|Channing Tatum, Reid Carolin
|Reid Carolin, Brett Rodriguez
|Channing Tatum, Jane Adams, Kevin Nash, Q’orianka Kilcher, Ethan Suplee, Bill Burr
|March 17, 2022
Jackson Briggs (Tatum) is a pill-popping, ex-U.S. Army Ranger who is struggling with post-traumatic stress disorder (PTSD) after several overseas tours. He has trouble sleeping, gets blurry vision, and often has a ringing sensation in his ears. He needs support, both physically and mentally, but doesn't want to ask for it given his macho, shrug-things-off type mentality.
Support finally arrives but in an unlikely form. When a close friend / fellow Army Ranger commits suicide, Jackson goes on a lengthy road trip down the western side of the United States, from Washington to Arizona, to attend his funeral. He is accompanied by Lulu, the late Ranger’s dog who spent much of her life working as a military dog and is battling demons of her own.
You’ll know where this film is going from the outset. It’s like the classic tale of two troubled people coming together, cathartically opening up, and helping each other in the process. The slight catch is that one of them is a barking Belgian Shephard. Three different dogs were used as part of the shoot (you’re unlikely to notice the difference) and I’ll give them credit – they’re well-trained and deliver convincing performances. The best scenes in the movie are the one-on-one interactions between a frustrated Jackson and cheeky Lulu. A good example is a sequence where they spend a rainy night in a rusty, rundown barn.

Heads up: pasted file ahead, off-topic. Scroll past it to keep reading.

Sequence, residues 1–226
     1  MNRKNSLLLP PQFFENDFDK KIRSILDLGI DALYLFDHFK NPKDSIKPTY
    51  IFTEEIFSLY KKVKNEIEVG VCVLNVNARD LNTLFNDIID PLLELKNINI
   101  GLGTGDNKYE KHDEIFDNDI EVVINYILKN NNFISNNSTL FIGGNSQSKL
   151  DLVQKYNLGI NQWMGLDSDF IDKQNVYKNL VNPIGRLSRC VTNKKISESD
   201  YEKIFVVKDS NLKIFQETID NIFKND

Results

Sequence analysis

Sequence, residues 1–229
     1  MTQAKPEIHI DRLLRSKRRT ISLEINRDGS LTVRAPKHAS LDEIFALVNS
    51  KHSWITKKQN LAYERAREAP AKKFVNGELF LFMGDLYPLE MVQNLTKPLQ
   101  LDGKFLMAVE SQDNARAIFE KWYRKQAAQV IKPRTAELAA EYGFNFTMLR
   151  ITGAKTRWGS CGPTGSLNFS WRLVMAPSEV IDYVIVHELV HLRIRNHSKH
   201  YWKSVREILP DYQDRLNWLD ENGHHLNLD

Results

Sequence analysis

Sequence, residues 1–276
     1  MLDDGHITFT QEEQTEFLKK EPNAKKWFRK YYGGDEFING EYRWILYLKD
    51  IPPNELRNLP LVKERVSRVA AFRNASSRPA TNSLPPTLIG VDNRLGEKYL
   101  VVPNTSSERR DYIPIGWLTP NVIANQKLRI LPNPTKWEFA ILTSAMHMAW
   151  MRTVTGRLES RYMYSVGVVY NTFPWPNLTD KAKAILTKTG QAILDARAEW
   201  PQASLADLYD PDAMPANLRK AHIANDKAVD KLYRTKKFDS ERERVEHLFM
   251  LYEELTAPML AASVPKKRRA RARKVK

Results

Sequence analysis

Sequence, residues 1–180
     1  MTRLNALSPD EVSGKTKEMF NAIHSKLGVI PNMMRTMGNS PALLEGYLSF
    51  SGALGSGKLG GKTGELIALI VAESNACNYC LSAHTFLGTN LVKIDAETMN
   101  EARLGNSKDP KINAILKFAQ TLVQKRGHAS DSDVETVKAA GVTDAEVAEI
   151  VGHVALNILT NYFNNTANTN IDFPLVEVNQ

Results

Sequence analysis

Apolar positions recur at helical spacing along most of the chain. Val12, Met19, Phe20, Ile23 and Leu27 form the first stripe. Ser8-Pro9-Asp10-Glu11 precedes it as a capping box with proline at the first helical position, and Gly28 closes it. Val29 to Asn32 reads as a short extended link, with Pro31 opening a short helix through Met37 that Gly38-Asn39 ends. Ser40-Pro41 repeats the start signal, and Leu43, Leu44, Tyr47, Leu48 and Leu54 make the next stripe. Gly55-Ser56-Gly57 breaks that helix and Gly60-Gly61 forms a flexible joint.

The rest of the film is a little iffy. The screenplay finds it hard to straddle the line between being a light-hearted animal flick that kids can equally enjoy, and a darker tale of war, PTSD and suicide. There’s a heavier subplot where Jackson is trying to reconnect with his wife (I think) and young daughter but it’s so woefully underdeveloped that you wonder why it’s included. It’s as if they don’t want to probe, make Jackson unlikeable, and aggravate audiences. A quick-fire shot of them all together at the very end is such a cop-out!
There’s the aforementioned “through-line” but Dog is largely structured as a series of short stories involving unconnected characters. As the pair travel from town to town, they interact with an assortment of people including seductive spiritual healers, a pretentious police officer, a pair of weed farmers, a gullible hotel concierge, and a fellow military veteran with a dog of his own. Again, some moments are better that others. I laughed at a scene involving a reconciliation and a lollipop… but cringed at one involving a jail cell and a line-up.
It’s worth noting Dog marks the directorial debut of 41-year-old Channing Tatum (Step Up, Magic Mike) who teamed up with long-time friend Reid Carolin in bringing this project to life. I don’t think it’s part of any major transformation (he’ll be sticking to acting in the short-to-medium term) but given the story is loosely based on a road-trip he took with his own dying dog in 2018, it’s understandable why he wanted to be more involved in the film’s creative process.
Pitched at those who love canines and feel-good crowd-pleasers, Dog is well-intentioned but not particularly deep or memorable.